Facebook Must Face Some Antitrust Claims By Advertisers And Users

Facebook can't shake a lawsuit by advertisers and consumers who allege the company unlawfully monopolized markets in social media and social advertising, a federal judge said Friday.

In a 110-page ruling, U.S. Circuit Judge Lucy Koh in San Jose, California said consumers could proceed with a claim that Facebook (now named Meta) acquired and kept monopoly power in the “social network” and “social media” markets by misrepresenting its privacy practices.

Koh also ruled that advertisers could proceed with allegations that Facebook acquired and preserved monopoly power in the “social advertising market” by forging a deal with Google.

She dismissed three other claims against Facebook, but said that consumers and advertisers could attempt to reformulate those claims and bring them again.

The decision stemmed from a series of lawsuits filed against Facebook dating to 2020.



The first of those cases was brought in December 2020 by Vermont resident Maximilian Klein and Illinois resident Sarah Grabert, who alleged that Facebook grew in popularity after deceiving consumers about its privacy policy, then “weaponized” consumer data in order to acquire potential rivals like social media service Instagram (acquired for $1 billion in 2012) and messaging service WhatsApp (bought for $19 billion in 2014).

Their case, which was later consolidated with other antitrust lawsuits by consumers, included allegations regarding numerous well-publicized privacy debacles -- ranging from Facebook's 2007 “Beacon” program (which told users about their friends' online purchases) to the 2018 revelations about political consultancy Cambridge Analytica (which harvested data from up to 87 million Facebook users).

Facebook argued to Koh that the claims should be dismissed at an early stage for numerous reasons -- including that the alleged deception about privacy practices occurred too long ago to be actionable now.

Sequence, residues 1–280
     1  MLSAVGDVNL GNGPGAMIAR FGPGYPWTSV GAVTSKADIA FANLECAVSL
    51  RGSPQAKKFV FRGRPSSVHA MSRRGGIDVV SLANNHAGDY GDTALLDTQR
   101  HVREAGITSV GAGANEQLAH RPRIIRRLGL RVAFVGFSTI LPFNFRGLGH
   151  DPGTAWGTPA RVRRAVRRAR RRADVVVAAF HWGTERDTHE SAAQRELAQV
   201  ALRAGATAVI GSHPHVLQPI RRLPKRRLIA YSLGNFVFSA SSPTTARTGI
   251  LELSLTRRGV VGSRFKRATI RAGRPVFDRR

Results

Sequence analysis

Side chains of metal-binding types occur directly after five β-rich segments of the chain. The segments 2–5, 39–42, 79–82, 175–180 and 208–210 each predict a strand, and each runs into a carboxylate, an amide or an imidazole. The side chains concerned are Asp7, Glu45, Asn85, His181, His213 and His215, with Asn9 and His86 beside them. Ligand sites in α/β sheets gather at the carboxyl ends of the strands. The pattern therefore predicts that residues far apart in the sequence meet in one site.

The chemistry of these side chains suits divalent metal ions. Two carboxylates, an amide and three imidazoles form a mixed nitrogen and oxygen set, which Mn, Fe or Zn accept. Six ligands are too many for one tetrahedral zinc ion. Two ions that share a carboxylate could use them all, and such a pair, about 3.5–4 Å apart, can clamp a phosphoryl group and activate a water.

The users “advance an implausible rewrite of history,” Facebook wrote, adding that antitrust claims are subject to a four-year statute of limitations.

Koh rejected that argument, noting that the consumers alleged that Facebook made two false statements about privacy in the four years preceding the lawsuit's filing.

Specifically, the consumers alleged that Facebook said in a 2017 Securities and Exchange Commission filing that third parties are only provided with “limited information.”

The consumers also alleged that in 2018, Facebook CEO Mark Zuckerberg publicly described Cambridge Analytica's data-harvesting as a “mistake” and promised to take action against “rogue apps.”

“Consumers have alleged with sufficient particularity that these representations were 'clearly false'," Koh wrote Friday. “Facebook’s 2017 statement ... would have given reasonable users the impression that Facebook was not providing third party applications with private information. To the contrary, the Cambridge Analytica scandal revealed that Facebook had provided users’ private information to numerous third party applications, including applications for which users were not registered.”

Several advertisers separately sued Facebook for allegedly monopolizing the market for “social advertising,” and then charging “supracompetitive prices for social advertisements to thousands of people and businesses.”

The advertisers' initial complaint in that case came soon after the Federal Trade Commission and 48 attorneys general brought antitrust lawsuits against Facebook.

Among other allegations, the advertisers said Facebook maintained monopoly power through an agreement with Google, which involved the two companies agreeing to avoid each other's market. (State attorneys general have made similar claims in a separate antitrust lawsuit against Google.)

Koh said the advertisers could proceed with that claim.

Both the advertisers and consumers also alleged that Facebook maintained monopoly power through a “copy, acquire, kill” strategy -- which was outlined in a House Judiciary subcommittee Democratic staff report.

That report said Facebook used its “data advantage” to identify competitors, and then “acquire, copy, or kill” them.

The advertisers and consumers claimed Facebook's purchases of Instagram were examples of that strategy.

Koh dismissed claims related to those purchases, ruling they were barred by the four-year statute of limitations.

She also dismissed consumers' claims that Facebook violated a California law regarding “unjust enrichment.”

A Meta spokesperson said Koh's decision “recognizes many of the defects in the complaints filed against Meta.”

The spokesperson added: “We will continue to vigorously defend our company while investing to create better experiences for the people and businesses who use our services.”

1 comment about "Facebook Must Face Some Antitrust Claims By Advertisers And Users".
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  1. Janette Peek from None, January 17, 2022 at 7:21 p.m.


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